Michigan Removes Cap on Charters

Legislation that removes the cap on the number of charter schools allowed to operate in Michigan was signed into law by Governor Rick Snyder this week, writes Dawson Bell at the Detroit Free Press.

This legislation marks the end — for now — of a debate that has raged since the independent public schools were established in 1994.

Last week the Michigan House approved legislation that would see a removal of the cap on the number of charter schools in the state. The bill was designed to open the door to a wave of new charters in the next year.

The measure was approved narrowly on a 58-49 vote. The members of the House voted almost entirely along party lines. Republicans on the whole backed the plan while the Democrats failed in their opposition.

Snyder is on record to have said that under the changes students and parents have been given “good choices,” and the result of the legislation is “a program of quality.”

Alongside lifting the cap on the number of charters in the state, proponents of the legislation said that more accountability will be required from the schools.

There are currently more than 200 charters in the state, serving roughly 7.5% of public school students.

State Rep. Deb Shaughnessy said the rationale for expanding charters is “providing students with more educational opportunity.”

However, Shaughnessy denied that the passing of the legislature should be seen as an attack on traditional public schools.

“This is not about preferring one system over another,” she said.

“One size does not fit all.”

Democrats described the legislation as a “doubling down on a failed experiment.”

Expanding charters will inevitably lead to a decline in enrollment at traditional public schools, said Rep. Douglas Geiss, who also criticized the state’s current charters for what he said is overall poor performance.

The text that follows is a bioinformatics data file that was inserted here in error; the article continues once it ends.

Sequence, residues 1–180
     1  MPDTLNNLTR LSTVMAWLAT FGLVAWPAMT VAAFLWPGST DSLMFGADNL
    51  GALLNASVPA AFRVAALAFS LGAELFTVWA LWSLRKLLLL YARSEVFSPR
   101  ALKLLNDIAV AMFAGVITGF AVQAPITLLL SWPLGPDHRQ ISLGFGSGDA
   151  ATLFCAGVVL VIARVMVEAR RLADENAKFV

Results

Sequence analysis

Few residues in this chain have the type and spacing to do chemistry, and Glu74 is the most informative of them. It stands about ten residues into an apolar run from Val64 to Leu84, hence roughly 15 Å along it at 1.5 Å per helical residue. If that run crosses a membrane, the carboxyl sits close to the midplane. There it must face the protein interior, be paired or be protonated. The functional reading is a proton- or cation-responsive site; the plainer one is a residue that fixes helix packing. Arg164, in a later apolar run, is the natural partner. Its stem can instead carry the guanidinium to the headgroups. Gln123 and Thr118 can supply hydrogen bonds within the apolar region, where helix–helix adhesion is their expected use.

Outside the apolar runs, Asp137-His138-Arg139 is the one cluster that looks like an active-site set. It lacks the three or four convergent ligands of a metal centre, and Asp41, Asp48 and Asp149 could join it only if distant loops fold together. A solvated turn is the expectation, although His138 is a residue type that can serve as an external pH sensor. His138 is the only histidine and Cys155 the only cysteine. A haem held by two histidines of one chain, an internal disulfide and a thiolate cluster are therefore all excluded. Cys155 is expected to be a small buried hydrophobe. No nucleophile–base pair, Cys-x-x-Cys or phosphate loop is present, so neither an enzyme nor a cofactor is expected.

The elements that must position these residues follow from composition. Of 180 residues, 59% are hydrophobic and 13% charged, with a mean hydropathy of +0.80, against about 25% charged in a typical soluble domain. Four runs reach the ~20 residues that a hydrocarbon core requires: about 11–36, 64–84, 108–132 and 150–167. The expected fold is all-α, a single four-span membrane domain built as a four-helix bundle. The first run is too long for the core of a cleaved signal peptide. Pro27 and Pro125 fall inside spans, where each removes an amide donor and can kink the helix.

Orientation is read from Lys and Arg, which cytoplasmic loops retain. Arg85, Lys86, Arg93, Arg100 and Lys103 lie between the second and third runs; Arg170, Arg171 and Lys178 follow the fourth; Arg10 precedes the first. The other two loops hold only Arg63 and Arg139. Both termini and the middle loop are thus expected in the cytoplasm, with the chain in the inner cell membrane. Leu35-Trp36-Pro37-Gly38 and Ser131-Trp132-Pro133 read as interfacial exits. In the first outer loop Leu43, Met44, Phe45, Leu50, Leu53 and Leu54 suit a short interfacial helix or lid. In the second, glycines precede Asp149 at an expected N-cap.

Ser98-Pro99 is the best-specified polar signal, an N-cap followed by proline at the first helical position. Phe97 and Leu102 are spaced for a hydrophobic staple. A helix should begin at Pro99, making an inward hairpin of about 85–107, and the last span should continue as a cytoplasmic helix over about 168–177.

A common criticism of the bill has been the potential for it to mean the demise of traditional public schools and result in schools where teachers are inadequately compensated.

However Snyder rejected that notion, arguing that charters provide a quality alternative for students and parents who don’t believe that their needs are being met in traditional schools.

Dozens of amendments to the bill were offered by Democrats.

Additional requirements on new charters, barring for-profit companies from opening charters or limiting the geographic areas in which they could locate were thought to have been sought after.

Dan Quisenberry, president of the Michigan Association of Public School Academies, called the vote a “historic night for the parents of Michigan.”

Michigan charters have consistently outperformed the traditional school districts in which they are located, he said.

A 2009 analysis, however, showed that charter schools in Michigan, in fact, perform on average at about the same levels as the school districts where they are located. In some cases, the charters were actually shown to have been proved to be performing worse.

After signing the bill, the governor outlined his goal to provide successful schools of every variety, leading to high graduation rates and post-secondary education and career readiness.